The rear midsole regions in a pair of worn out running shoes were cut open to expose gel pads beneath the heel. The gel pads were removed and replaced by midsole inserts consisting of packets of a dilatant compound, namely Silly Putty, wrapped in plastic. It was noted that the dilatant-compound midsole inserts restored the cushioning to the worn shoes to a level equal to or exceeding that of new shoes. The shoes were then used by a runner who trained at various speeds in a wide range of climatic conditions, and on a variety running surfaces for 100 miles. This trial demonstrated that a dilatant-compound midsole insert provides the combination of cushioning, shock absorption, and durability required for a running shoe.
The performance of shoes with dilatant-compound midsole inserts as described in Example 1 was compared to that of the identical shoes with the original gel pads replaced, and to that of a new pair of shoes with intact gel pads.
For purposes of this comparison, a 0.1-mile course was marked along a straight stretch of flat asphalt road. A runner was timed as he attempted to run as fast as possible while alternately wearing one of the three types of shoe. Between each sprint, the runner jogged back to the starting line and changed shoes for the next sprint. The three-way comparison was repeated a total of five times. As shown in Table 1, the average time for the shoe with the dilatant compound inserts (DC) was 1.29 seconds faster than the same shoe with its original gel pad replaced (Gel), and 1.83 seconds faster than the new shoe (NEW). These differences suggest improvements in mile times of 13 and 18 seconds, respectively. Statistical analyses (T-test) indicate that the probability that such differences could occur by chance is 2% or less.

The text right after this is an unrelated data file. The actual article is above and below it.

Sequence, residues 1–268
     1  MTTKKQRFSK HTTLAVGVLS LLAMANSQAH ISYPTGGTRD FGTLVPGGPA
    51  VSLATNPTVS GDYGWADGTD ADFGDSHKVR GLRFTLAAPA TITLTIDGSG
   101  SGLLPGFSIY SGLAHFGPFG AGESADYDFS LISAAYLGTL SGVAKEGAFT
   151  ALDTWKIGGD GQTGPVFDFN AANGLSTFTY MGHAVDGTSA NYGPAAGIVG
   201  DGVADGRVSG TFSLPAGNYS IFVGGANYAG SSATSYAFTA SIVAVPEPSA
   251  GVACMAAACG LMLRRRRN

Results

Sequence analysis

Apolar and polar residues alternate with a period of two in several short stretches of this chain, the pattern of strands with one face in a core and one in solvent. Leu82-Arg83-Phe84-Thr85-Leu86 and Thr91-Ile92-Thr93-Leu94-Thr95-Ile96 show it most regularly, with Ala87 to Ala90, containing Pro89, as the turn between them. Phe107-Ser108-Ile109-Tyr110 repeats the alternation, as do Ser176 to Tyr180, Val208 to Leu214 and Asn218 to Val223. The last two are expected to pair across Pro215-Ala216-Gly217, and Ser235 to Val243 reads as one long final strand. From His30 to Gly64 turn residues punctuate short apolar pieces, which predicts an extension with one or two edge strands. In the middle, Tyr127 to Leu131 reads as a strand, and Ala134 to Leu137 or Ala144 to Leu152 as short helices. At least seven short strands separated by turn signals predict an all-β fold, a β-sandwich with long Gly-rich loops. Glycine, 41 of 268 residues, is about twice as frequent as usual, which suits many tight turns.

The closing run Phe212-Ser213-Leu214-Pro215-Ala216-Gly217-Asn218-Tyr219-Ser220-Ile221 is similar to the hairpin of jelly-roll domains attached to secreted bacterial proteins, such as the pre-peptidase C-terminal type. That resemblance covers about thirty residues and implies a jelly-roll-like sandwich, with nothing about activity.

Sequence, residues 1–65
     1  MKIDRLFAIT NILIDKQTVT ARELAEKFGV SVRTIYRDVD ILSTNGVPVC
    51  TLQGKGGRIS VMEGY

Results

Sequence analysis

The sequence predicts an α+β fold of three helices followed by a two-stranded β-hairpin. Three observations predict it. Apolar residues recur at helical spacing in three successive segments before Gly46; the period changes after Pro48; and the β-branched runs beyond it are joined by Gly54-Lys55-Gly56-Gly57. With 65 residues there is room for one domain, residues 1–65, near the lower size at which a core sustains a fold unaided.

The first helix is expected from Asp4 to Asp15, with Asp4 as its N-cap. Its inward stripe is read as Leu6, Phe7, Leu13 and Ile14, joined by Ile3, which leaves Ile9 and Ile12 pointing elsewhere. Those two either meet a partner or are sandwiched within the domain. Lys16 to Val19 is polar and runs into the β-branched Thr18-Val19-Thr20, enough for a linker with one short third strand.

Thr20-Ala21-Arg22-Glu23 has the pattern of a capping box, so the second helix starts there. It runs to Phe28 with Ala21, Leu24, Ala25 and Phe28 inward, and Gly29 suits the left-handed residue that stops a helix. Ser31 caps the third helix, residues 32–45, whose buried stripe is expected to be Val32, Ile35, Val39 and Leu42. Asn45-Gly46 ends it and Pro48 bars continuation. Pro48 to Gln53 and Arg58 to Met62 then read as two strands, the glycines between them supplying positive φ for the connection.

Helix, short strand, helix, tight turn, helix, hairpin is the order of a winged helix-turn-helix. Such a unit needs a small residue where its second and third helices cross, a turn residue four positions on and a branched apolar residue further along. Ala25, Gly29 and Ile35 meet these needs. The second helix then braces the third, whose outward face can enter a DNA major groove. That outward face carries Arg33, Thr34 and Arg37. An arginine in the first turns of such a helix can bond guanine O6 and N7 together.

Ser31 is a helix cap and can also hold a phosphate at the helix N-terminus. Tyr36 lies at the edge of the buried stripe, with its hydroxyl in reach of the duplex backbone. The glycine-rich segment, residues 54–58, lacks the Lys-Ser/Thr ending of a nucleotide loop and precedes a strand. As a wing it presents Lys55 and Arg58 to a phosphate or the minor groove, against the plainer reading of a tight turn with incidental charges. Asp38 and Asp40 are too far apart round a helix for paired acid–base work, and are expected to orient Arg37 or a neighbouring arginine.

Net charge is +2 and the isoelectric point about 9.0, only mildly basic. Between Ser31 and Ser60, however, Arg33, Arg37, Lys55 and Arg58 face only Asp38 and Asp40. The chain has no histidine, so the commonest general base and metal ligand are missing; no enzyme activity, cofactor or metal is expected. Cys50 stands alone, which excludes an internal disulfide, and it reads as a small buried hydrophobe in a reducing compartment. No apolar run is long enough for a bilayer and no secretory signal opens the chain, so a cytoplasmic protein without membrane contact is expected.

Six hundred pairs of various size running shoes with conventional foam EVA midsoles were factory produced using conventional manufacturing methods. Two pairs of size 11 shoes were selected at random, and carefully inspected for quality. A 0.5-inch-deep, 1.5-inch-diameter cavity was bored into the midsole beneath the heel regions of each shoe of one pair (Pair A). An insert constructed of dilatant compound encapsulated in a radio-welded 0.007 inch wall thickness polyurethane shell with the same dimensions as the cavity was set into the cavity of each shoe of Pair A using the methods described above. The second pair (Pair B) was left unchanged.
To compare the high-speed performance of Pairs A and B, a 0.1-mile course was marked along a downhill stretch of asphalt road. A runner was timed as he attempted to run the downhill segment as fast as possible while alternating shoes A and B. Between each sprint, the runner jogged back to the start, and changed shoes for the next sprint. This two-way comparison was repeated a total of eight times.
As shown in Table 2, the average time for the A shoes with the dilatant compound inserts of the present invention was 1.72 seconds faster than the B shoes without the dilatant compound insert. This result clearly demonstrates the speed-enhancing property of the dilatant compound midsole insert of the present invention. The magnitude of the difference suggests improvements in mile times of 18.9 seconds. Statistical analysis (T-test) indicates that this difference is real at a level of confidence greater than 99%.
Time, sec A
Time, sec B
A − B
The present invention has been described in terms of a preferred embodiment, it being understood that obvious modifications and additions to this preferred embodiment will become apparent to those skilled in the relevant art upon a review of this disclosure. It is intended that all such obvious modifications and additions be covered by the present invention to the extent that they are included with the scope of the several claims appended hereto.
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|U.S. Classification||36/28, 36/30.00R, 36/154|
|Cooperative Classification||A43B13/188, A43B7/1445, A43B7/144|
|European Classification||A43B7/14A20H, A43B7/14A20M, A43B13/18F5|